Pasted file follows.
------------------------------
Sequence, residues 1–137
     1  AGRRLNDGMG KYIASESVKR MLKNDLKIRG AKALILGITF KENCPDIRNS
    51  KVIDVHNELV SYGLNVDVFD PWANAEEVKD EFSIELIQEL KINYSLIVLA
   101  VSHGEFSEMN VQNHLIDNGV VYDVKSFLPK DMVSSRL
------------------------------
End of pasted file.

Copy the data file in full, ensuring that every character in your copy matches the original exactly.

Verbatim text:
Sequence, residues 1–137
     1  AGRRLNDGMG KYIASESVKR MLKNDLKIRG AKALILGITF KENCPDIRNS
    51  KVIDVHNELV SYGLNVDVFD PWANAEEVKD EFSIELIQEL KINYSLIVLA
   101  VSHGEFSEMN VQNHLIDNGV VYDVKSFLPK DMVSSRL